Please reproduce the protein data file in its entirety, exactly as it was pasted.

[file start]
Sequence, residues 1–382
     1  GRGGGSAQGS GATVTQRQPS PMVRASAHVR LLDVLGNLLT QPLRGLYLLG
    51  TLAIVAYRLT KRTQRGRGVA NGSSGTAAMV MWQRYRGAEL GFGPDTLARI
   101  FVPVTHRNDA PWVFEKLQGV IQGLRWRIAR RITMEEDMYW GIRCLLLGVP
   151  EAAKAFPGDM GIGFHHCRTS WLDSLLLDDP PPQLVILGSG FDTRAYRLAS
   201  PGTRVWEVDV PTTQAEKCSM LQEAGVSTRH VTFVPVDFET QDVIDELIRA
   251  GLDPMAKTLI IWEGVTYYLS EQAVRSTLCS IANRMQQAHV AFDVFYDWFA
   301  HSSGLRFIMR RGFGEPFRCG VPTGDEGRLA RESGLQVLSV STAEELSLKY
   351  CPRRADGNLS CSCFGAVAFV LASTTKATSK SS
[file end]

Sequence, residues 1–382
     1  GRGGGSAQGS GATVTQRQPS PMVRASAHVR LLDVLGNLLT QPLRGLYLLG
    51  TLAIVAYRLT KRTQRGRGVA NGSSGTAAMV MWQRYRGAEL GFGPDTLARI
   101  FVPVTHRNDA PWVFEKLQGV IQGLRWRIAR RITMEEDMYW GIRCLLLGVP
   151  EAAKAFPGDM GIGFHHCRTS WLDSLLLDDP PPQLVILGSG FDTRAYRLAS
   201  PGTRVWEVDV PTTQAEKCSM LQEAGVSTRH VTFVPVDFET QDVIDELIRA
   251  GLDPMAKTLI IWEGVTYYLS EQAVRSTLCS IANRMQQAHV AFDVFYDWFA
   301  HSSGLRFIMR RGFGEPFRCG VPTGDEGRLA RESGLQVLSV STAEELSLKY
   351  CPRRADGNLS CSCFGAVAFV LASTTKATSK SS